At PGT, instead of double casting and artificially creating four of the same lead role, we teach our students to approach every single role like a lead role, and we treat every single actor like a lead actor. To us, they are. We don’t need four Belles, we need one Belle and one Lady with Cane and one Chip and one Hat Seller and one Mrs. Potts and one Angry Villager. And each one is equally responsible for the success of our show.
I know that right now you are thinking: That’s fine, but I still want to be Belle. And I get that. So let’s step back and look past that knee-jerk response for a moment. After all, I hope that your goals for being part of a theatre company are bigger than any one show or any one part. I hope that you want to learn and grow and be part of a creative community that’s grounded in ideals that reach past casting happiness.
We produced Beauty and the Beast several years ago. One of our young actors, a girl who has an impressive PGT resume to say the least, could have easily been Mrs. Potts #3 or Belle #2 or Wardrobe #4 under the double casting model. In our production, she was Lady With Cane, a stipulated ensemble role in the script. Throughout the process, she did such incredible character work and made such fun and interesting choices, that I kept adding extra bits for Lady With Cane! Ultimately, each scene featured Lady With Cane and she became central to the storytelling in our version of Beauty and the Beast. The audience loved her - they all left the theatre talking about her! - and to this day we all call Beauty and the Beast, “Lady With Cane, The Musical.” She was totally and completely unforgettable.
This young actor made her role important – and so it was. Not because the playwright said it was, not because the world said it was….because she decided it was. It is our mission to give our young actors the tools to make their performance stand out regardless of their role, regardless of the number of lines they have to say.
Why be a carbon copy of Belle, when you can be Lady With Cane – and turn her into the part of your dreams.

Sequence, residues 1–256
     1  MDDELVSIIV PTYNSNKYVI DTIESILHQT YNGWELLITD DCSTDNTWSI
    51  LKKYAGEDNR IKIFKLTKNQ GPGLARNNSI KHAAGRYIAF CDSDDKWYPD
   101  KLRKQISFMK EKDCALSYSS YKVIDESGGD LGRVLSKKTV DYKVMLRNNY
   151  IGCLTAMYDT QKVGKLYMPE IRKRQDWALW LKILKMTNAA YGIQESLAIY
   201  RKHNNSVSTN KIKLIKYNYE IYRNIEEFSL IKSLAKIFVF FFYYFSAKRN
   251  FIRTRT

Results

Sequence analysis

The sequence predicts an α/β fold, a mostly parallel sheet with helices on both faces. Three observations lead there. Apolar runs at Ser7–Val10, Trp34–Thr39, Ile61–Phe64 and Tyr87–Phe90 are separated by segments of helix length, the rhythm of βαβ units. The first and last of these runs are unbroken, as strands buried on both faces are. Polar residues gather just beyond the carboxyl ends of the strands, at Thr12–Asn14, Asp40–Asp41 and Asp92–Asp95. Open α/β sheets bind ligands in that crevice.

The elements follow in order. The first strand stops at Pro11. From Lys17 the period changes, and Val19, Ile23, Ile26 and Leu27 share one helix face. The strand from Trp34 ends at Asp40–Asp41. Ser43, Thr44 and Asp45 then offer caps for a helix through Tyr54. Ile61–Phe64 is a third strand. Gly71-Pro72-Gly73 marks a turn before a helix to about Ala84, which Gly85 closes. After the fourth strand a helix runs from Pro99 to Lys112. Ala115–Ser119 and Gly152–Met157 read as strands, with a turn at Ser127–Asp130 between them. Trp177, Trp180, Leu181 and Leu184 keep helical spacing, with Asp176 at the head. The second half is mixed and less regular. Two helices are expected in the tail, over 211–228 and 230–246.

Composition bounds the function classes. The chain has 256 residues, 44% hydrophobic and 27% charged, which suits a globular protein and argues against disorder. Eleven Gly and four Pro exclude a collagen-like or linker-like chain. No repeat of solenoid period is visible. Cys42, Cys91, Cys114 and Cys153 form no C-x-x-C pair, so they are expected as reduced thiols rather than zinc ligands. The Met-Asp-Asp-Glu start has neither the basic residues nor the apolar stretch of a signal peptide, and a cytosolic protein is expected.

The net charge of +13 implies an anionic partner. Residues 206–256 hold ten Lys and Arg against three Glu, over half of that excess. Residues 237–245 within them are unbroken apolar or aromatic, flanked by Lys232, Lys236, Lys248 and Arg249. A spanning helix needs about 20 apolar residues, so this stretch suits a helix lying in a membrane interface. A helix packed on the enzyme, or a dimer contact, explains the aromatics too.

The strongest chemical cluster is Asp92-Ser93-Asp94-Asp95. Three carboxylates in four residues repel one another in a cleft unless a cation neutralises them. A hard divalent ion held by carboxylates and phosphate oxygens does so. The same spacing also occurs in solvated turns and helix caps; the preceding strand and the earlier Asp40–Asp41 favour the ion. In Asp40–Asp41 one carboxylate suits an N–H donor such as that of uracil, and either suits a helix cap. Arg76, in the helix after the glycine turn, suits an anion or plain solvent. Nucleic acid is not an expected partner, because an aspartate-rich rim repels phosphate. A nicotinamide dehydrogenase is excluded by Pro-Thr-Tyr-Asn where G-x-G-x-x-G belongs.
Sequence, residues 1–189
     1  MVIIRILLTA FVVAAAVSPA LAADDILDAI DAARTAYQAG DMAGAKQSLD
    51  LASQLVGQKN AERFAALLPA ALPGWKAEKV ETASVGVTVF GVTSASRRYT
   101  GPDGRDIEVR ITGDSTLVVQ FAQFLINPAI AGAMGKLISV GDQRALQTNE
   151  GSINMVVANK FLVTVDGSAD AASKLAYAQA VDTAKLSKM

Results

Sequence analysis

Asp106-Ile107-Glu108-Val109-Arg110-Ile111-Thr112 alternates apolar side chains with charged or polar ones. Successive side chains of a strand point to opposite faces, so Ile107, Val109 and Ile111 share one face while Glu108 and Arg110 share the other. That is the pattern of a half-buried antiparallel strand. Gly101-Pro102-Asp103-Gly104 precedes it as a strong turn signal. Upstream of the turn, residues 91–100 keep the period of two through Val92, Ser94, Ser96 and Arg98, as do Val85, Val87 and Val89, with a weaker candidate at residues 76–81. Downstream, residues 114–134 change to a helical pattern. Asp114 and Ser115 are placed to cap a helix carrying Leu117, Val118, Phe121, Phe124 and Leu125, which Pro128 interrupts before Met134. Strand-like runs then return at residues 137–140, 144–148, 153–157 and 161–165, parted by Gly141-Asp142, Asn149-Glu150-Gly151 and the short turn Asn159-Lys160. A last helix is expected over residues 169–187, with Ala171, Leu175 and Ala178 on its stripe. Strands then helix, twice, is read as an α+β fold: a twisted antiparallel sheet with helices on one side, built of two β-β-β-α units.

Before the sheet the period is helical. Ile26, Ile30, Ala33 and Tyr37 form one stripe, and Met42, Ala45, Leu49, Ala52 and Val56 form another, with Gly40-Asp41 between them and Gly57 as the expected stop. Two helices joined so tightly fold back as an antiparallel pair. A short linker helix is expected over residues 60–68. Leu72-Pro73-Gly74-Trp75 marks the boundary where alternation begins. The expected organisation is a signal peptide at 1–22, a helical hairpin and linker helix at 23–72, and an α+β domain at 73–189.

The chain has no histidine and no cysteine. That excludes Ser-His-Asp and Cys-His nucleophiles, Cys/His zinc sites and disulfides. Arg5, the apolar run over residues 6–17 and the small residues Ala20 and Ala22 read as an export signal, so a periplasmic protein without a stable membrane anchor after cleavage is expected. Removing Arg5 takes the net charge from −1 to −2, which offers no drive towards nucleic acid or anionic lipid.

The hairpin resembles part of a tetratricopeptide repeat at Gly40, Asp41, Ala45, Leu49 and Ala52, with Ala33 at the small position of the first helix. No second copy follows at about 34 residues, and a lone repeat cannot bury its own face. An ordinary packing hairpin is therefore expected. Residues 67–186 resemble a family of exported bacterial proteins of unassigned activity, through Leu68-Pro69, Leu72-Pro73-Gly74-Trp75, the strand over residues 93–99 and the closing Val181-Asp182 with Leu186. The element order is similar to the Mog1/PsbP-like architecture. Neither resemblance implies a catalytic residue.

To me, that is the much greater artistic - and life - lesson.
Jill Abusch, Artistic Director
Students enrolling in PGT Mainstage audition each season. The audition is our opportunity to meet new students and to see how our returning students have grown.
For the audition, young actors are expected to present a brief monologue and a song (each being 1-2 minutes in length). Students, particularly returning students, are expected to be fully prepared for their audition; audition material should be well rehearsed and committed to memory. Check our audition material page for possible monologues and ideas on where to find monologue collection books. You can also find a helpful list of audition “Do’s and Don’ts” on our audition tips page. If you have questions about preparing your audition, please email Jill at firstname.lastname@example.org or Brett at email@example.com.
For New Students
We do not expect young actors who are approaching the theatre for the first time to have a professional audition prepared, and we are happy to help guide new students through the process so that they find it less intimidating. We are always happy to meet new young actors who want to give theatre a try and hope that they will not let the audition process scare them away!
For Returning Students
As our students spend time at PGT, and hone their craft, we hope to see more and more sophisticated work from them at their auditions. We hope to see them enter the audition room with increasing confidence, having chosen appropriate audition material and executing it with the skills they have learned in their PGT classes and rehearsals.
For All Students
We are looking for students with enthusiasm and an interest in the collaborative artistic process. At the audition, potential students will let us know whether they have the focus, maturity, creativity and spirit that is needed for PGT MainStage. If, following the audition, we do not believe you will be successful on our MainStage, we may recommend another PGT program or refund any tuition payments you have made.